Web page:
Cats Protection Inverurie
£1bn bill to keep pets purring


BRIDGET Jones-type singletons who turn to cats rather than men for companionship may need to give up on the booze and cigarettes to help pay the costs of their furry friends.

Research by online pollster You Gov found that one in three single women owns a cat and they spend a collective £1 billion a year on meeting their every whim.

The individual bill for everything from food, litter, annual vaccinations, toys, cat-sitters, cattery fees and insurance adds up to £1,043 a year, according to Churchill Insurance, which commissioned the research.

With cats living about 13 years on average, that puts the lifetime bill at about £13,500 without taking account of inflation. But the bills could rocket for those who opt out of buying insurance.

Visits to the vet can be expensive. If a cat needs an MRI scan, for example, the owner might have to pay £1,000. Churchill says the average claim on cat insurance is £300.

For some owners who have already shelled out a fortune on their pet, the thought of high insurance premiums could be galling. Those living in London and the South-East can be faced with annual premiums of £150 to £200 or more for the best policies and the excess per claim is likely to be £35 to £80. Over a lifetime, the premiums could reach £1,850.

Singleton Deborah Phillips, 24, a dance teacher from New Barnet, Hertfordshire, did not hesitate to take out a plan from Churchill for her seven-month-old black and white cat Munkin.

Deborah bought Munkin for a token £10 from a friend, but soon found that the spending had only just begun. 'There were injections to pay for and I had him neutered and fitted with a microchip for identification,' she says. 'I also bought him everything under the sun, including a four-foot high scratching post and a proper cat toilet with a roof and cat flap.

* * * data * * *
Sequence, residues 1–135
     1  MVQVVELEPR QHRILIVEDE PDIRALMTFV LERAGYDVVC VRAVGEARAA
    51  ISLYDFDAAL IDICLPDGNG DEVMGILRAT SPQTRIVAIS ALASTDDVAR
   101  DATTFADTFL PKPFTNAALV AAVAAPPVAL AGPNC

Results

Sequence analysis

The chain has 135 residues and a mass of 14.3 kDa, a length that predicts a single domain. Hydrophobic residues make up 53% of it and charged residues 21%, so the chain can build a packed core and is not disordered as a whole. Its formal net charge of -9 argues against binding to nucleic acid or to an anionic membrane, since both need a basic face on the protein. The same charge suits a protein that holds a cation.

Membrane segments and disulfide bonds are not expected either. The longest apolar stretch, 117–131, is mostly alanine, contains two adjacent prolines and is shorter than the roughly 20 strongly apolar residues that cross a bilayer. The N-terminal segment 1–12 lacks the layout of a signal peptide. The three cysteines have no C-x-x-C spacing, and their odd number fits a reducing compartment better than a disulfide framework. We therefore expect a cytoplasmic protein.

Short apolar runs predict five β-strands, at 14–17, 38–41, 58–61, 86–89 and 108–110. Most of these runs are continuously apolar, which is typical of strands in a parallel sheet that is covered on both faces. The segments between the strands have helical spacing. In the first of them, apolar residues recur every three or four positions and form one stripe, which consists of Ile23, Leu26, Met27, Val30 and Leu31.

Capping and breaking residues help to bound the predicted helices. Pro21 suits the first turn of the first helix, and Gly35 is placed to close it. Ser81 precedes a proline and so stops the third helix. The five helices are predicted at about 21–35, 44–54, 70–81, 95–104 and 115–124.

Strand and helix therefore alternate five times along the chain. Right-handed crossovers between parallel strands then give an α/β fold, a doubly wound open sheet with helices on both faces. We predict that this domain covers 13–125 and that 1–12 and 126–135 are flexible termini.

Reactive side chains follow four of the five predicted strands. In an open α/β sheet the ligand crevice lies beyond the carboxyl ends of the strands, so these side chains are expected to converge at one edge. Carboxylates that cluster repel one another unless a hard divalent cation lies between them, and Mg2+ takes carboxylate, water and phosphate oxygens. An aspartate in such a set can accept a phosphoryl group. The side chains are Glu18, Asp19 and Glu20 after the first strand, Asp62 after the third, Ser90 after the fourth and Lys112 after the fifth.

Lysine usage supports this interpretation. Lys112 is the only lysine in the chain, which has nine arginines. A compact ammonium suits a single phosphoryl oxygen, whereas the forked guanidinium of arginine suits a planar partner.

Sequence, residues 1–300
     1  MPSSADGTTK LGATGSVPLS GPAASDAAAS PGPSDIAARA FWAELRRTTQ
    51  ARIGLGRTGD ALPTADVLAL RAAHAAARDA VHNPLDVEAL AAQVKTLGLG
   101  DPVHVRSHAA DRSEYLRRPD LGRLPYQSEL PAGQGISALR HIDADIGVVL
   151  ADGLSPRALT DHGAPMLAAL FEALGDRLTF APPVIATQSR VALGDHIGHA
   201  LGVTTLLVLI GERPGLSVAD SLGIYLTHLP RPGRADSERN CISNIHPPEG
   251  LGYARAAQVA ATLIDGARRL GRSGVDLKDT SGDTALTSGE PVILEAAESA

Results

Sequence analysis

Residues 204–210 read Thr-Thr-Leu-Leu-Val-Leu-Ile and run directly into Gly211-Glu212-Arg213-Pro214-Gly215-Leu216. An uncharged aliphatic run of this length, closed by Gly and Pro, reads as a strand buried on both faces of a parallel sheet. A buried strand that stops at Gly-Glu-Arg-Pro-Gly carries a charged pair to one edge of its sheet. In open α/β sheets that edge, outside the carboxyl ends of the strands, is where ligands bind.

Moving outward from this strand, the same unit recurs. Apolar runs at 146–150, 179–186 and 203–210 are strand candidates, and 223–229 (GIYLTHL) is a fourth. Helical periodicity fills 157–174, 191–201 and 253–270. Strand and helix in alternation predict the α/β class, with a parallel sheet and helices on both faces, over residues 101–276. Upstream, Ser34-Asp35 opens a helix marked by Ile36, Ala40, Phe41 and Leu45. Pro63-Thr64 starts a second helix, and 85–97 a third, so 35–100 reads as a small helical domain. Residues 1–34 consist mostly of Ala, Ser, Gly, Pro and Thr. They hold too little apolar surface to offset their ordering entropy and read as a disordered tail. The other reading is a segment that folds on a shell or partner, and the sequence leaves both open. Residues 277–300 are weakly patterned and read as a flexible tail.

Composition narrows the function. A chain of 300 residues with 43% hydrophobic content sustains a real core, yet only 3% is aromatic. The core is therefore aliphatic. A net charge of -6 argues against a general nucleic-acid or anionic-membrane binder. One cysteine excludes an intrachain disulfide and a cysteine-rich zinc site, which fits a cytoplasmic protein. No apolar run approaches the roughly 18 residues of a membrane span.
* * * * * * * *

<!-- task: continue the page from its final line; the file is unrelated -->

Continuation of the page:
'I also shopped around for insurance because I didn't want to risk not being covered if something went wrong.'

Finding the right policy can be difficult. Some plans, for example, will only pay out for a single condition for a year, while other providers such as Pinnacle, Marks & Spencer and Pet Plan will pay out as long as the condition lasts.

Some plans will also include benefits a client might not want.

Insurers may offer extras such as death benefit, bereavement counselling for owners and cover for reward money for a stolen or lost pet. Some will also pay for psychological treatment for a pet or homeopathic treatments.

Pet owners should also pay close attention to the terms of policies. Cheaper plans may mean having to pay between 25 and 35% of expensive treatments. So buyers should not choose insurance on price alone.

Finally, most insurers will offer first-time cover to cats up to ten years old, though a few have a younger cut- off point.

Once the pet is already insured, though, most will continue cover, so long as owners renew each year. But premiums may rise with age.